‘Cheetha’ is popular among village culture in Sri Lanka. It is worn by women in all ethnic groups, mainly by village people and people who are working in farming. Also elderly women wear around the house. Women wear one meter of ‘Cheetha’ piece rap tightly around their waist and a short or long blouse on top. Growing up as children me and my sister use to wear dresses made with ‘Cheetha’. Our Grandmother use to braid our hairs with same ‘Cheetha’ textile pieces. I use to collect and keep all the cut of pieces of textile to play with.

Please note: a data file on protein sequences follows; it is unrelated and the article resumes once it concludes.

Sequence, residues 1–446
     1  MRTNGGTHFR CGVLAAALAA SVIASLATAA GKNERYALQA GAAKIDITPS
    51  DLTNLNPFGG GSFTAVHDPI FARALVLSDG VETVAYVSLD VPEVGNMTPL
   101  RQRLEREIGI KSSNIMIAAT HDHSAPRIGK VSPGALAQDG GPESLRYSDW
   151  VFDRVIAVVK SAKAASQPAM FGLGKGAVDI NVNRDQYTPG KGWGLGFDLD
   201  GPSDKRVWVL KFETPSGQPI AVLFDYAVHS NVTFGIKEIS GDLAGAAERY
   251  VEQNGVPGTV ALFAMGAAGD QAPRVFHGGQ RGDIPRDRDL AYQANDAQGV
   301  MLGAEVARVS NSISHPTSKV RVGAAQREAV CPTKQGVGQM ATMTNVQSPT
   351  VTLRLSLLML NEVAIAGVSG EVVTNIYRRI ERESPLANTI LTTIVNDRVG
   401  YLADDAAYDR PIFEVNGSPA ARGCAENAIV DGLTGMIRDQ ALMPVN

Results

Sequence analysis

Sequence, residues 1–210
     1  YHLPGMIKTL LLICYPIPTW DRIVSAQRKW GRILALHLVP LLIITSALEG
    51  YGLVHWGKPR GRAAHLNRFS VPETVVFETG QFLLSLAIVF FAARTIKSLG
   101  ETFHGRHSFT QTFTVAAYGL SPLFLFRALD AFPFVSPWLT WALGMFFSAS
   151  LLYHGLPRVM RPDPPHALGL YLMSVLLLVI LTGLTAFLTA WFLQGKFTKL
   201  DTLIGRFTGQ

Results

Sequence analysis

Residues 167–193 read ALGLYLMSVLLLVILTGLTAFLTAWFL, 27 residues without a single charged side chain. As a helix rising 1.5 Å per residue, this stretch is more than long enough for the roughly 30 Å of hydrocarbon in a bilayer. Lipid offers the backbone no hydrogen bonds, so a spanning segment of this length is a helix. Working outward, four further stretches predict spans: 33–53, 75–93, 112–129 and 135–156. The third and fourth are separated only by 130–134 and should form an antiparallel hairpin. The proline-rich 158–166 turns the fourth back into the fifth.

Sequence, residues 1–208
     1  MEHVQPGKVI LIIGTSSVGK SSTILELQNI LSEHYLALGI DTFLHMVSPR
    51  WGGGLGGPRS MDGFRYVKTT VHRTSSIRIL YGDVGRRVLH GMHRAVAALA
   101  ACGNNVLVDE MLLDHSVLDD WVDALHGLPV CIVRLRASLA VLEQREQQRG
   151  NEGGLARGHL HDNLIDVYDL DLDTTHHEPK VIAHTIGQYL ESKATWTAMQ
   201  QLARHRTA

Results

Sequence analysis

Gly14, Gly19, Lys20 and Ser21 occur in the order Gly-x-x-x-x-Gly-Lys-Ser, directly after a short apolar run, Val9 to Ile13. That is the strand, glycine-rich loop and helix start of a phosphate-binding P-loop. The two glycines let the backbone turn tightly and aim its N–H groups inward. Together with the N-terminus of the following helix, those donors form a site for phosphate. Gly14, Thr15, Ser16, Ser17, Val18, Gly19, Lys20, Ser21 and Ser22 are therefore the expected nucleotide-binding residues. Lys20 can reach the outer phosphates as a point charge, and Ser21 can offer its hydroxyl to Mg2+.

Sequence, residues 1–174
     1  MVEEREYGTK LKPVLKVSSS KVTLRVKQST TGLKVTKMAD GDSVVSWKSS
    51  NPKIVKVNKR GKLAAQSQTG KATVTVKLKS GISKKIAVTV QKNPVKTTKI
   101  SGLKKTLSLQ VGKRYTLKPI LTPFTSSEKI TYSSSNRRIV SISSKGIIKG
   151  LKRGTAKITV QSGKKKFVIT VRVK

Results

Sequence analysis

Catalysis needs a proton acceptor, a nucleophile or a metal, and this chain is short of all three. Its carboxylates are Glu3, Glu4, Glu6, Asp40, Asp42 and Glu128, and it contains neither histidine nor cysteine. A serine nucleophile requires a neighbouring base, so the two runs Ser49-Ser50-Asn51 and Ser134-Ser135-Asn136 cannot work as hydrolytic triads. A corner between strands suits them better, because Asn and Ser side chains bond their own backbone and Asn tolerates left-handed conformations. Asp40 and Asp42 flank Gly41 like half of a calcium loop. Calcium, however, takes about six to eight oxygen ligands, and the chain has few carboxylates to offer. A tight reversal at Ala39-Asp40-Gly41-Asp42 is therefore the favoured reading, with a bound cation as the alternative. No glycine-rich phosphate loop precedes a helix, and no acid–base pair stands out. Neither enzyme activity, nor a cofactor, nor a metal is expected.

I began to notice ‘Cheetha’ textile was slowly disappearing from our culture with “westernization” and “made in china” ready-made cheap clothes. Among Sri Lankan society it has labelled as “shame” to wear it, because it is considered as a low class wardrobe worn by street cleaner, street sellers, garbage collectors and domestic workers around the city.
‘Cheetha’ is made of 100% cotton and has always colourful, floral prints. Dankotuwa, a city on the west coast, is the only place in Sri Lanka where ‘Cheetha’ is still produced. The main production has been outsourced to China and India.